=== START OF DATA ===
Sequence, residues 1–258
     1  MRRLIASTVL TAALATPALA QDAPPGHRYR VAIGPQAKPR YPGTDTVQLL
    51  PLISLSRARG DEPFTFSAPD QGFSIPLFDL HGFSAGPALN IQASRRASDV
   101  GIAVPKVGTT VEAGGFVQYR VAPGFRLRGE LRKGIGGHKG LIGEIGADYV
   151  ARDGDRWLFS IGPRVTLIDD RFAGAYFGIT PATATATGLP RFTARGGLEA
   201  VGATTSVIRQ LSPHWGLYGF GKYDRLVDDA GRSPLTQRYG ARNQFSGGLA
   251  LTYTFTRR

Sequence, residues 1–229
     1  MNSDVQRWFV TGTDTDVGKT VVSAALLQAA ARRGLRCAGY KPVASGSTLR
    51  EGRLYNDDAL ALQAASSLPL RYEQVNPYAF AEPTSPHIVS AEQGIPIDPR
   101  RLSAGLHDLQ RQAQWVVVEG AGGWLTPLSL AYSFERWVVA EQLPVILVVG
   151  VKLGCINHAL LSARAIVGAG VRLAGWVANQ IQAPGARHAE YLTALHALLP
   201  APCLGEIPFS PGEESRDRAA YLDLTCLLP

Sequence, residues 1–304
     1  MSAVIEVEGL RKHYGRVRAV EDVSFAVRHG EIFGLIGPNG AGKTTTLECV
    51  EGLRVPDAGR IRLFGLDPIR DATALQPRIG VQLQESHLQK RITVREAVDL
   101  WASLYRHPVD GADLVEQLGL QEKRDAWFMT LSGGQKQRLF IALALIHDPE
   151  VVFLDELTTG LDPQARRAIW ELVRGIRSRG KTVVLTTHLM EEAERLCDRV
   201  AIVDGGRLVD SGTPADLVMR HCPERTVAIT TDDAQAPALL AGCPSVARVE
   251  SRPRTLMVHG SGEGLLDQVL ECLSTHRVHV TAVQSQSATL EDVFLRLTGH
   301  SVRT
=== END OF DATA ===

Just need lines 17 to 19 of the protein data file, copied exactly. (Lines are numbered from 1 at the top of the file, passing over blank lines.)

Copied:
   101  WASLYRHPVD GADLVEQLGL QEKRDAWFMT LSGGQKQRLF IALALIHDPE
   151  VVFLDELTTG LDPQARRAIW ELVRGIRSRG KTVVLTTHLM EEAERLCDRV
   201  AIVDGGRLVD SGTPADLVMR HCPERTVAIT TDDAQAPALL AGCPSVARVE